God forbid we’re too short. Tall is good, but too tall? No, thanks. Too thin? Nope, please eat something! Fat? Bad girl, stop eating! Small chest? Poor thing. Giant boobs? Okay, maybe. Why is it so important to be a perfect ideal? Why are we judged solely on how we are built and what our bodies look like?
And who the hell asked for all the judgment? I am guilty of sizing people up when I first meet them, are you? I’m committed to stopping, though. I catch myself doing it and I shut that shit down. But, most importantly, why do we judge ourselves so harshly? I say, enough already! Let’s all collectively stop.
Your body is your business.
Politicians and the like will try to legislate and regulate your body. They will debate your reproductive rights and create laws to govern your uterus and your ovaries. Last year alone, politicians tried to regulate women’s bodies 468 times. Do you want to know how many times they tried to regulate men’s bodies? 0 times.
They will work to restrict, control and limit what you are allowed to do with your body, and they will make it part of their campaign platform. They will work to set limits and cut funding for healthcare and birth control resources. They will talk about morality, ethics, and money. They will use shame and religion.
Generally, they will not talk about rape or incest or not-so-simple, personal decisions. They will not talk about victims. They will not offer much education or support, and they will not talk about reproductive equality, sexual equality, or choice. And they will not help you pay for your baby once it is born.
Your body isn’t a contestant.
Do you have a bathing suit? Do you like to swim? Then put it on and go swimming. There’s no big prize for looking like a 13-year-old model on the beach, so stop double-tying that damn sarong, and start playing in the sand. Let your beautiful butt cheeks see the light of day. The sun is out now, and it will set in a few short hours.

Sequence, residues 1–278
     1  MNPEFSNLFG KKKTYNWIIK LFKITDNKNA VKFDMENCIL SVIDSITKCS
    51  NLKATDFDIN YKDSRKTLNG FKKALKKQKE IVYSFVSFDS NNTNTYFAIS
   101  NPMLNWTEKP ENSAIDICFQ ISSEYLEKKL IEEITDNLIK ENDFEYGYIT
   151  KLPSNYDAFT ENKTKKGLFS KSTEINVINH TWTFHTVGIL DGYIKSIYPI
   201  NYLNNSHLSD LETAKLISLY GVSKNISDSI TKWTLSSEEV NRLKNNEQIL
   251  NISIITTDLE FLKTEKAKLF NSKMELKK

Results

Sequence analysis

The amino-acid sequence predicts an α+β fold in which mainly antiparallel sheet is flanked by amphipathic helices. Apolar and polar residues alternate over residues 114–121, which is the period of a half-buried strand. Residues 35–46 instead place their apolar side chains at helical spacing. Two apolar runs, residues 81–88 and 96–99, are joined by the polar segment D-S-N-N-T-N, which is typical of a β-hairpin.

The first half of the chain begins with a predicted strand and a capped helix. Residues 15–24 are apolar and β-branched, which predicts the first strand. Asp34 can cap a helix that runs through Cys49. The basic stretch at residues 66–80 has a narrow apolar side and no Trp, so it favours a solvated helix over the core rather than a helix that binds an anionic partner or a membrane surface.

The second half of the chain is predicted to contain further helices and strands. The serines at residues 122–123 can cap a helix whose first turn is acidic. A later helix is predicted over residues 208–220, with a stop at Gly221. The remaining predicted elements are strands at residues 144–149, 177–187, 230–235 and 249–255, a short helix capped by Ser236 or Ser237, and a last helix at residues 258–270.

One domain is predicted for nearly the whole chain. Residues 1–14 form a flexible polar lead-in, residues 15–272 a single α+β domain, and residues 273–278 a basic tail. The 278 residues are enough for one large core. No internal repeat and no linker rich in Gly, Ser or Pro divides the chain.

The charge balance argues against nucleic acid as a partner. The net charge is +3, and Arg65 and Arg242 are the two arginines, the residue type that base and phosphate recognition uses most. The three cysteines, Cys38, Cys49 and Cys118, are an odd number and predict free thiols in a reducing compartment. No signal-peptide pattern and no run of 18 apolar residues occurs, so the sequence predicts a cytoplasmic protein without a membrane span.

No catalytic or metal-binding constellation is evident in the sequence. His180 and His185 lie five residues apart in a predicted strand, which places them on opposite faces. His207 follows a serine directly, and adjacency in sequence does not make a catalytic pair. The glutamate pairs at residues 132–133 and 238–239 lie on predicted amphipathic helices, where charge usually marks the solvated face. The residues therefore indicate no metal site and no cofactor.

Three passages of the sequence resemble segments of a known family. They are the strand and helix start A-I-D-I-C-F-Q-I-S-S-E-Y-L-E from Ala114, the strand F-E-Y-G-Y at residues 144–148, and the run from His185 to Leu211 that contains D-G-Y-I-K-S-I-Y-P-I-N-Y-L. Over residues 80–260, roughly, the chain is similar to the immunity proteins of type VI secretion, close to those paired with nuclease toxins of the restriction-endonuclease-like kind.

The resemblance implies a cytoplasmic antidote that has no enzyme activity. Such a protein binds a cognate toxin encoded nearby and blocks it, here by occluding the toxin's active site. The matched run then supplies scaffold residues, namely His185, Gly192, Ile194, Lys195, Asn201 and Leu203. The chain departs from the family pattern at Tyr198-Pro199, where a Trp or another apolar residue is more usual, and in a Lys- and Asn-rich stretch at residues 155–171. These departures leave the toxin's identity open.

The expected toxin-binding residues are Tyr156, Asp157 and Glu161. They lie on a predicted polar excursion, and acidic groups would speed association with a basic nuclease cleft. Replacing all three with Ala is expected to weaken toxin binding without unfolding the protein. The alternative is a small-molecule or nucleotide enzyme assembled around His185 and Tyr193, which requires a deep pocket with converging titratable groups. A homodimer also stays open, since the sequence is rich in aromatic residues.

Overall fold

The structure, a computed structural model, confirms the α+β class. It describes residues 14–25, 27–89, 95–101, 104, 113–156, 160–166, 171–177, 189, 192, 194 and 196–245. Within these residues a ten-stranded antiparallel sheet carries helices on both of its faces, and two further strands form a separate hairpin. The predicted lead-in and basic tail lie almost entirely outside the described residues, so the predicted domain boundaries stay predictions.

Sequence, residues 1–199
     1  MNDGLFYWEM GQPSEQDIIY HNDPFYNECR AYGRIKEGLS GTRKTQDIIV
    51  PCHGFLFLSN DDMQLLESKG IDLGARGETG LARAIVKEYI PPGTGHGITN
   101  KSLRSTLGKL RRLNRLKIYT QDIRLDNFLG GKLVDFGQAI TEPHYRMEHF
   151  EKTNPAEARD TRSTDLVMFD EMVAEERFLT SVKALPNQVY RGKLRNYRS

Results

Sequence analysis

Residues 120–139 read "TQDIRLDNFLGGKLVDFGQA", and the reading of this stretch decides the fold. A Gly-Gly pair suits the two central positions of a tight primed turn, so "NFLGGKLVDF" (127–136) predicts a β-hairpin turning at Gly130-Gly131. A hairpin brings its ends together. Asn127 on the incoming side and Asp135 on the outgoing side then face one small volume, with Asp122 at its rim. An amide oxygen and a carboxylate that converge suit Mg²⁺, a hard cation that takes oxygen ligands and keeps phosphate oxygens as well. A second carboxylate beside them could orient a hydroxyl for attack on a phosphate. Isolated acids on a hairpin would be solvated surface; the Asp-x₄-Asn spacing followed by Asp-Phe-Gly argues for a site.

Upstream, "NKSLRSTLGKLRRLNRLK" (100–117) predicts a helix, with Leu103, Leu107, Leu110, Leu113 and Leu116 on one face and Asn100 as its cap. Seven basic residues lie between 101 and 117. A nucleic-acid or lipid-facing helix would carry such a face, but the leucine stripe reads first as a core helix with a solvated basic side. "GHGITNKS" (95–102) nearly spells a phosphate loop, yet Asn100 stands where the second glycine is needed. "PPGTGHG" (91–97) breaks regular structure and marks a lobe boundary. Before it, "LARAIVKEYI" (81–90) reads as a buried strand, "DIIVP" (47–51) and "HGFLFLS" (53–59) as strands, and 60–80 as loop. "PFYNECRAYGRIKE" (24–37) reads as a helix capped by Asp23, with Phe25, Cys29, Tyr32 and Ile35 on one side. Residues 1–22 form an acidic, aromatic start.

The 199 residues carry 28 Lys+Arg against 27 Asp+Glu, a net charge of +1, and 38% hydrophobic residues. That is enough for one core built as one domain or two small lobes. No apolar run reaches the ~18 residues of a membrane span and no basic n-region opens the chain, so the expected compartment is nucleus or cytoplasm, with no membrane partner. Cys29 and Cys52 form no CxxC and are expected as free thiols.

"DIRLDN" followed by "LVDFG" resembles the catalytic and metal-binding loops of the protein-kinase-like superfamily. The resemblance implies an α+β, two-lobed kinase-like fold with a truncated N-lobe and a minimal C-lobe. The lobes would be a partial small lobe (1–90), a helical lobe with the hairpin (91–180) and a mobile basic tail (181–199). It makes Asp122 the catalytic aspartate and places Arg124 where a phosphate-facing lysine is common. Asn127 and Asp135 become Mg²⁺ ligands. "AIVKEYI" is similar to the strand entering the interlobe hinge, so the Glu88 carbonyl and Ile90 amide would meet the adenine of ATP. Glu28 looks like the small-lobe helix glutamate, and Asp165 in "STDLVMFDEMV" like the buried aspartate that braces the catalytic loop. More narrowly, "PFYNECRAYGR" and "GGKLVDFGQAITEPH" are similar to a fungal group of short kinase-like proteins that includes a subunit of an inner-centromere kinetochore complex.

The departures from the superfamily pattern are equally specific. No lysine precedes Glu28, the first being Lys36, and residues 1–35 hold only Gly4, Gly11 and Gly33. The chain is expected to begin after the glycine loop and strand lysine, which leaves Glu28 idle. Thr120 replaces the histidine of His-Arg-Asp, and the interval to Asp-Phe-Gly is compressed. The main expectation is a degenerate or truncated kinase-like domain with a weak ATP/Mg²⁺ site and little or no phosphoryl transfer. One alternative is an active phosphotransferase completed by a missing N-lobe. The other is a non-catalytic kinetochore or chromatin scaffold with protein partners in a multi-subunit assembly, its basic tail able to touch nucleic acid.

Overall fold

And guess what else? Tomorrow it’s supposed to rain, so right now is the time to play. Don’t wait. There’s no podium for thanking your sponsors, and there are no awards. Your body is not a contestant.
Your body is awesome.
Back in college, I thought I had a good body, but I didn’t. My body was dehydrated and malnourished. My body was over-exercised and weak most of the time. My body was sore and sick. My body was fat sometimes, and thin others. My body was brittle and bony. My belly protruded because it was swollen.
I thought I looked great because I was thin, but I didn’t look great at all. I wanted the perfect body. I wanted it so badly that my hair fell out and I even turned yellow for a little while. And then, after college, my body endured years of a beating so brutal that it almost died.
Today, my body is awesome. It brought two healthy babies into the world (somehow it did this for me). It provided nourishment and protection. My body has shoveled snow, planted flowers, cleaned garages and painted houses. My arms have enveloped children and animals.
Today it doesn’t compete, it doesn’t seek to be picked (off of a tree, or at a party), and it repels outside control. My body has weathered darkness, and it has climbed a mountain of change. It fought through and finally expelled miles and miles of emotional and physical illness. It endured the stabbing removal of life-giving organs.
Today, I wear my scars like badges. My body gave a river of blood, and tears, and life fluid. It gave enough to flood the world. And then it miraculously healed itself from within.
Now it runs like the wind. It doesn’t give up, or in. It is connected to the earth and to the air. It remains grounded, having survived the trials of the past, and now, in its prime and at its peak, it seeks only to breathe.
My body is alive. It is awesome, and so is yours.
Kimberly Valzania practices mindful gratefulness. She feels creatively driven to write about and share her personal experience and opinion on weight loss, fitness, life changes, adventures in parenting, day-to-day triumphs (and failures), and the truth-seeking struggle of simply being human. She believes that life is indeed a journey, and that precious moments appear (like magic) when you surrender, hold hands, and fling yourself into the great, wide, open.